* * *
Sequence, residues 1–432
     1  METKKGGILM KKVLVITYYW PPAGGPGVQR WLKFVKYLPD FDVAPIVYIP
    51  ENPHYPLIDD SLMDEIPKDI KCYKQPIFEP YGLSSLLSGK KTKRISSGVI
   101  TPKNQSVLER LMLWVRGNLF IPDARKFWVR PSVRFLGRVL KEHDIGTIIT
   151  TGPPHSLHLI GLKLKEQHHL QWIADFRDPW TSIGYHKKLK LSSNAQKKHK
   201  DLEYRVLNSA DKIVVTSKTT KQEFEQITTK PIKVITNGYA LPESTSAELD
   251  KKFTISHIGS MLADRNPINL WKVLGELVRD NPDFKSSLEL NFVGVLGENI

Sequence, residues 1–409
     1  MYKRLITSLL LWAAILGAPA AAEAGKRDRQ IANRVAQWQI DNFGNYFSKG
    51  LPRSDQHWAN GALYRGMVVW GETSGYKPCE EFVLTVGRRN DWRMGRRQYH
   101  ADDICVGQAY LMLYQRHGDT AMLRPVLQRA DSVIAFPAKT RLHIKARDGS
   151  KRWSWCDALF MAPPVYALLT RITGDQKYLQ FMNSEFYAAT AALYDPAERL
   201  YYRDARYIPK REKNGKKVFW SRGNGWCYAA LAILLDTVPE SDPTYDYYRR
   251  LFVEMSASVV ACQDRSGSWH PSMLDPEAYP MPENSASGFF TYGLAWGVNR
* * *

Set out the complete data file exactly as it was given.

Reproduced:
Sequence, residues 1–432
     1  METKKGGILM KKVLVITYYW PPAGGPGVQR WLKFVKYLPD FDVAPIVYIP
    51  ENPHYPLIDD SLMDEIPKDI KCYKQPIFEP YGLSSLLSGK KTKRISSGVI
   101  TPKNQSVLER LMLWVRGNLF IPDARKFWVR PSVRFLGRVL KEHDIGTIIT
   151  TGPPHSLHLI GLKLKEQHHL QWIADFRDPW TSIGYHKKLK LSSNAQKKHK
   201  DLEYRVLNSA DKIVVTSKTT KQEFEQITTK PIKVITNGYA LPESTSAELD
   251  KKFTISHIGS MLADRNPINL WKVLGELVRD NPDFKSSLEL NFVGVLGENI

Sequence, residues 1–409
     1  MYKRLITSLL LWAAILGAPA AAEAGKRDRQ IANRVAQWQI DNFGNYFSKG
    51  LPRSDQHWAN GALYRGMVVW GETSGYKPCE EFVLTVGRRN DWRMGRRQYH
   101  ADDICVGQAY LMLYQRHGDT AMLRPVLQRA DSVIAFPAKT RLHIKARDGS
   151  KRWSWCDALF MAPPVYALLT RITGDQKYLQ FMNSEFYAAT AALYDPAERL
   201  YYRDARYIPK REKNGKKVFW SRGNGWCYAA LAILLDTVPE SDPTYDYYRR
   251  LFVEMSASVV ACQDRSGSWH PSMLDPEAYP MPENSASGFF TYGLAWGVNR